How intentional are we in our communication media choices? I would venture to guess that the average person (communication students aside) does not spend too long pondering over whether to use a laptop or a phone, or a text message versus a Skype video chat in order to contact another. This average person probably does not spend too long thinking about equivocality, message noise, or receiver clarity, either.
However, media choices take on a different meaning when made at an organizational level and thus, need to be considered carefully. If we accept Joshua Meyrowitz’ premise* that organizations are constituted not by their buildings or budgets but rather by their various patterns of communication flow, then choices of communication media all of a sudden become very important. Organizational Media Goods (OMGs) such as meeting spaces, internal wikis, and various communication software can all be used to implement strategic communication flows and, by extension, certain types of organizations. Nonetheless, it is essential not to forget that OMGs alone are not enough; it is ultimately people that communicate via various OMGs and so, it becomes crucial that OMGs are contextualized through interpersonal relationships and knowledge.
Let’s take a look at a few examples: Pixar and Apple are famous for physically structuring their buildings in ways that allow for frequent face-to-face interactions (and ‘spontaneous’ idea exchanges) between employees; Deloitte, amongst others, uses an internal Facebook-like system and encourages employees to create ‘D-profiles’ and make ‘friends’ with others from diverse departments. While there are no bits and bytes involved in the case of Pixar and Apple, they are still examples of strategically engineered internal communication.
But there’s a bit more to it than that. Media Richness Theory and Social Presence Theory both suggest that people have agency to pick OMGs based on their capacity to reduce equivocality (or uncertainty). In practice this means that if we have something important or complicated to say to a colleague we will likely try to do it via a rich medium, such as face-to-face or video chat, as opposed to a less-rich medium such as a text message. This is often done to reduce uncertainty. As such, it is key for organizations to pre-select OMGs (or structure physical environments) in ways that will allow their employees to make choices and engage in the necessary forms of communication.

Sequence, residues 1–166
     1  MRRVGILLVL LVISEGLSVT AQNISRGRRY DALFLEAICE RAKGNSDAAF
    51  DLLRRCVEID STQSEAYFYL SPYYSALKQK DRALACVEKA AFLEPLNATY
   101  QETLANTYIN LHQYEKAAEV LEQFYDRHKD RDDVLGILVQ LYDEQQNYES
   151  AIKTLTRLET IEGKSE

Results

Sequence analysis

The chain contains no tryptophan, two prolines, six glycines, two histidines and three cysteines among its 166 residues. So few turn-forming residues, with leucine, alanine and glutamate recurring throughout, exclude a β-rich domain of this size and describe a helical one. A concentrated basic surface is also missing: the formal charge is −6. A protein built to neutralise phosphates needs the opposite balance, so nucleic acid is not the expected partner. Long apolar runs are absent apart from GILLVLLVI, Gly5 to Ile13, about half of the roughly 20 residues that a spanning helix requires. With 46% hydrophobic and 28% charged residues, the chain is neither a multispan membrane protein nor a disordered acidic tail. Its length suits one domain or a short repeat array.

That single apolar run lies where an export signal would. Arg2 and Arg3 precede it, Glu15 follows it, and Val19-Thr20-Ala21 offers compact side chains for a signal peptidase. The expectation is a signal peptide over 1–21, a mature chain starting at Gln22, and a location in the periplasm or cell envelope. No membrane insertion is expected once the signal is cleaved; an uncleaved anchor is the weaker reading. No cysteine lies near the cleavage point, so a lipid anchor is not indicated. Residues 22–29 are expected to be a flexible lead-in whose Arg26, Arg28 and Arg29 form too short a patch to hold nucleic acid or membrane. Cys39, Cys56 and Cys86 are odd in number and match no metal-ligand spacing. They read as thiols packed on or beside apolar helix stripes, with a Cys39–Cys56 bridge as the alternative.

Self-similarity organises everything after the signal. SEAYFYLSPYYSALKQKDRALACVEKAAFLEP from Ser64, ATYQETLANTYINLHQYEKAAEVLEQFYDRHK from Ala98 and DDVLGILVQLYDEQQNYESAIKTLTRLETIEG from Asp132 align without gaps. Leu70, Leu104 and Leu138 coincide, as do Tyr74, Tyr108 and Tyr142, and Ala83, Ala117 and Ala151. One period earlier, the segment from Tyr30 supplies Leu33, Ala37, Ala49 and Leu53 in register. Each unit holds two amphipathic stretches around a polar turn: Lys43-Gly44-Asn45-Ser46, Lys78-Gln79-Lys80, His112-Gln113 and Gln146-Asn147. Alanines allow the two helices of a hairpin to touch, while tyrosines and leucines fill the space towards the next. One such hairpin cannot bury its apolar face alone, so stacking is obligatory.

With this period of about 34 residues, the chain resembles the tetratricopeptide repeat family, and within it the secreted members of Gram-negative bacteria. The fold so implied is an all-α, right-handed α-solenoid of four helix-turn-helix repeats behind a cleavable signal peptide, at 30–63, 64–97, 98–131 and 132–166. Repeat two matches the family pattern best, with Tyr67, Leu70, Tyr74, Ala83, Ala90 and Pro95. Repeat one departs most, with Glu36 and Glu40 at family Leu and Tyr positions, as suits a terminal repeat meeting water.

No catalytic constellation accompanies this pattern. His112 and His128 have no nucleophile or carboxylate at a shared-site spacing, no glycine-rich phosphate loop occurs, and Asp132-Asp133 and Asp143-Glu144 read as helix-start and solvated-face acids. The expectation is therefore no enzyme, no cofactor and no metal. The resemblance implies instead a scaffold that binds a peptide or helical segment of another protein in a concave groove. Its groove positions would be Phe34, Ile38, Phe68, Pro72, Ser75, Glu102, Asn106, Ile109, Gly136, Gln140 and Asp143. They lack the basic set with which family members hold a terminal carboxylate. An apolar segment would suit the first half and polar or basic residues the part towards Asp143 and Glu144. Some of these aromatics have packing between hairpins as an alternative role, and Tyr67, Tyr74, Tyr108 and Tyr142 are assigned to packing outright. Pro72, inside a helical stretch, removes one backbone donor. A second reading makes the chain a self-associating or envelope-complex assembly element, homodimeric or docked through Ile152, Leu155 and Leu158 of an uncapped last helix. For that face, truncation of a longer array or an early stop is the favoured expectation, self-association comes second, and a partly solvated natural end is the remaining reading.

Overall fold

Nonetheless, it is important to pay attention to the social dimension of technologies, too: With practice and familiarity of a technology comes Carlson & Zmud’s related concept of ‘channel expansion’. Channel expansion means that as people become better acquainted with a communication technology, their perception of that technology’s capabilities are likely to ‘expand’ and they will see it as a richer medium with more possibilities. Yet, according to Carlson and Zmud, there are 4 types of knowledge which are necessary for the perception of ‘channel expansion’ to really occur. These types of knowledge include: experience with the technology, topic, context, and importantly, communication partner.
Since technologies carry symbols and are symbols themselves, we need to be familiar with both, their technical capabilities and their social meanings. This latter point becomes particularly salient for the increasingly popular virtual or tele-work in the States; estimates in 2009 suggested that some 40 million of working Americans engage in virtual work and thus, in frequent OMG use. This means that organizations need to be strategic about their selection of communication media and, amongst other things, about their employee training, social interaction and knowledge building opportunities.
* for more information see: Meyrowitz, J. (1985). No Sense of Place. Oxford University Press.
**image courtesy of nksz from stock.xchng